Baucus, Tester: Funding for Billings Courthouse in Senate jobs bill
Senators Say Funding Boost Could Finalize Courthouse Project
(WASHINGTON, D.C.) – Montana Senators Max Baucus and Jon Tester today said dollars in the economic recovery bill before Congress could be enough to finish a new federal courthouse in Billings.
Baucus passed legislation last year to authorize the General Services Administration to construct a new federal courthouse in Billings — at an estimated total cost of about $70 million. Officials estimate that the project will create about 800 jobs during construction.
To complete the project, however, the U.S. Marshals Service is on the hook for about $2.8 million to house and handle federal prisoners.
That’s why Baucus and Tester, a member of the Senate Appropriations Committee, urged lawmakers to include additional funds for the U.S. Marshal Service as part of the economic recovery bill working its way through Congress.
The Senate Appropriations Committee today included an additional $125 million for the Marshals Service to help address funding issues in Billings and three other courthouses across the country.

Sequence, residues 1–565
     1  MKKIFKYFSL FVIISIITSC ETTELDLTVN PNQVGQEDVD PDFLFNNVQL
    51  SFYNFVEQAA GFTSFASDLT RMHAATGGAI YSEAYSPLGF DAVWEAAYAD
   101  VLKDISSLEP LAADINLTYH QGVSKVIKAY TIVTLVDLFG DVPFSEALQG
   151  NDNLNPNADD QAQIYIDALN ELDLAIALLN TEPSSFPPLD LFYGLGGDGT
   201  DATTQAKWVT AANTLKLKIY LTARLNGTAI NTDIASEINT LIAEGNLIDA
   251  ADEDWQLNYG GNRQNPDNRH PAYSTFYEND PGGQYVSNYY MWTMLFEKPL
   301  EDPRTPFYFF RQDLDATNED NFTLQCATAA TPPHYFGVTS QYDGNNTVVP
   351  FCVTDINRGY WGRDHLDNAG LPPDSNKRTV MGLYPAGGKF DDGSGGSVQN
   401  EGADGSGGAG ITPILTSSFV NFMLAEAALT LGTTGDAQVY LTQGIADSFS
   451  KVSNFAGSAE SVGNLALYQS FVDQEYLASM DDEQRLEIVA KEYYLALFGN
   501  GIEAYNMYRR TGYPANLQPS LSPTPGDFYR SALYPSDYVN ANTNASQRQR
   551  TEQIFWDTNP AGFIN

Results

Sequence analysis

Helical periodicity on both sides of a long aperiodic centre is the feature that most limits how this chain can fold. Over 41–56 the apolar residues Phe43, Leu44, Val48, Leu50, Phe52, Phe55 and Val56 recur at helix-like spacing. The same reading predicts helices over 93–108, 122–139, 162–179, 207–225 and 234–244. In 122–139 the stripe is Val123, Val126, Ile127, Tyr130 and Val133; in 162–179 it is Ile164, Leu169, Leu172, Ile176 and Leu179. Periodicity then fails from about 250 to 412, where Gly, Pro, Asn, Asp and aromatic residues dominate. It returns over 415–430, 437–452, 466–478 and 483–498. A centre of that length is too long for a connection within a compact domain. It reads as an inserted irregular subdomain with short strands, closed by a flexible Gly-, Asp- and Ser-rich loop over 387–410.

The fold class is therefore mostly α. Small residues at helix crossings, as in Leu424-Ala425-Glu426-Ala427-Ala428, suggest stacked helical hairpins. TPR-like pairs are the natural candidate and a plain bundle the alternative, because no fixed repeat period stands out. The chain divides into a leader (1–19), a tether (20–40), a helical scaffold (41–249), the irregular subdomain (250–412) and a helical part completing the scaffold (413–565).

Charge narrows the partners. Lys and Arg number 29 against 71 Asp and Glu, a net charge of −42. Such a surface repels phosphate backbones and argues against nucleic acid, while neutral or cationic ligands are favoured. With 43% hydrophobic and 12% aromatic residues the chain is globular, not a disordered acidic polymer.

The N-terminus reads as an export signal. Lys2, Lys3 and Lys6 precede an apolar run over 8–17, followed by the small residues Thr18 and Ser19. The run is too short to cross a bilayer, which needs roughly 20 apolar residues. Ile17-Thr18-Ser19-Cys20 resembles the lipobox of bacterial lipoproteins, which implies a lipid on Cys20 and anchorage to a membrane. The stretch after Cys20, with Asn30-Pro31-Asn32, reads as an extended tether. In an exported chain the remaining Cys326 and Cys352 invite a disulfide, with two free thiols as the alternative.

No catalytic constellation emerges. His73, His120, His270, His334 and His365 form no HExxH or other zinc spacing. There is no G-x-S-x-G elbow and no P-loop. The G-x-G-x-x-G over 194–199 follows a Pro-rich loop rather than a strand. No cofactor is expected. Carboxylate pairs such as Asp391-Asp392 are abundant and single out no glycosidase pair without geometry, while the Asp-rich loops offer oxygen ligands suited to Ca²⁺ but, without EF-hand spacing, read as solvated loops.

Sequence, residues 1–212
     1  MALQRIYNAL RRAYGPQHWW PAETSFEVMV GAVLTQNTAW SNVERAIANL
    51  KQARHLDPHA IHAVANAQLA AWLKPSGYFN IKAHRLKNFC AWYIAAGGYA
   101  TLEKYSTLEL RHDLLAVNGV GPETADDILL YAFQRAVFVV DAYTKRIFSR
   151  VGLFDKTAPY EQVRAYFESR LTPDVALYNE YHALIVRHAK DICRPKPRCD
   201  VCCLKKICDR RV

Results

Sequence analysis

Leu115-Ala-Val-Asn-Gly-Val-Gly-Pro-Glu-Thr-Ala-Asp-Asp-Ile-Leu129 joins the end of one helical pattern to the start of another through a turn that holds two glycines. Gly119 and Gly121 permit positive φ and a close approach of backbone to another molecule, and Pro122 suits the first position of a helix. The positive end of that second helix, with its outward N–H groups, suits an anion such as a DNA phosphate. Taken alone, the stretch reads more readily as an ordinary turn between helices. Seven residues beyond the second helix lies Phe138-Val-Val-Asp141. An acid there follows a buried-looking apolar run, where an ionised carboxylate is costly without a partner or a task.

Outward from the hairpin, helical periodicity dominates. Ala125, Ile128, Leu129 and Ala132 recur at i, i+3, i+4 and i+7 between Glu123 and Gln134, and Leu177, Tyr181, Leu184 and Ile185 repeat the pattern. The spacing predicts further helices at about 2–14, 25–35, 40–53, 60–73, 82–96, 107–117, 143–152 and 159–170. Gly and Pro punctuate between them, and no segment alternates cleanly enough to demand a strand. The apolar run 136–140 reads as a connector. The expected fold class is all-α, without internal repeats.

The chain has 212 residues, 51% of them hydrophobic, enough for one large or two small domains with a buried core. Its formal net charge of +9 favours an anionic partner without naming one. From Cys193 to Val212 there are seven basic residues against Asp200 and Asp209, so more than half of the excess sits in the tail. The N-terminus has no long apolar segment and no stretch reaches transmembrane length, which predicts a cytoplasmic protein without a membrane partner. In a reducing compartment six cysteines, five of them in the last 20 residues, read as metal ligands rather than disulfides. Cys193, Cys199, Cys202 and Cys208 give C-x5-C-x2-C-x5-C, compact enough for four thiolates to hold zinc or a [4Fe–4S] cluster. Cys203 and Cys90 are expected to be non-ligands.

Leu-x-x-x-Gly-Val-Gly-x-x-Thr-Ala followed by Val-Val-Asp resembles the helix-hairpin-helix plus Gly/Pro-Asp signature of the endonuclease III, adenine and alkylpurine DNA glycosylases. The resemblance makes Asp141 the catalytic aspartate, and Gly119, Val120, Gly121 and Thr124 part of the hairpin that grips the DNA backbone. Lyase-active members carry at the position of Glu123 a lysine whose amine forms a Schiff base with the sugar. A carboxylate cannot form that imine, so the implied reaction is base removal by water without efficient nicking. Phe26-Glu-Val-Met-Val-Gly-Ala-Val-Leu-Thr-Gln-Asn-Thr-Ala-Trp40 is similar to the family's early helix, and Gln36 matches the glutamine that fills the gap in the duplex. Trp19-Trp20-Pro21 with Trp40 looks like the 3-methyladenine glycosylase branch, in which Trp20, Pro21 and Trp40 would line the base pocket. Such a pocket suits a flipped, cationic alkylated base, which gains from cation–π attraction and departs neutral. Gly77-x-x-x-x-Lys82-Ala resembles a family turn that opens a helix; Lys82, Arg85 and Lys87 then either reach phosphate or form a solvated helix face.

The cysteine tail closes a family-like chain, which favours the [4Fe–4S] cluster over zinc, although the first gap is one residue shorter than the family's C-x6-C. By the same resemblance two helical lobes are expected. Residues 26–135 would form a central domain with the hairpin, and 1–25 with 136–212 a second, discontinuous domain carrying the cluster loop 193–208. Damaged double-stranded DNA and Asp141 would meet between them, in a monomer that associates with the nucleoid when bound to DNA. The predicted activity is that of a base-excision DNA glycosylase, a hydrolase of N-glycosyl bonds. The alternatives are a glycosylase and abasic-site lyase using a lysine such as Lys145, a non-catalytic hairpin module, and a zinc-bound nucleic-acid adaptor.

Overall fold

“This is great news for Billings,” said Baucus, chairman of the Senate Finance Committee. “We’ve come so far on this project that we can’t let up now. This is the last remaining hurdle and it looks like we’ll get it done. The new courthouse will be a boon to jobs and downtown.”
“A new courthouse is an investment in long-term infrastructure that will bring new jobs to Billings,” Tester said. “Investments like these will help rebuild Montana’s economy from the ground up and will pay us back for generations to come.”
The new Billings courthouse will replace the current federal building in town, which is contaminated with asbestos. The new facility will be built on land owned by Yellowstone County and the Big Sky Economic Development Administration.
Baucus and Tester said Congress intends to pass the economic recovery bill and send it to President Obama before the President’s Day Holiday in February. The measure must pass the Senate and be reconciled with a similar House version.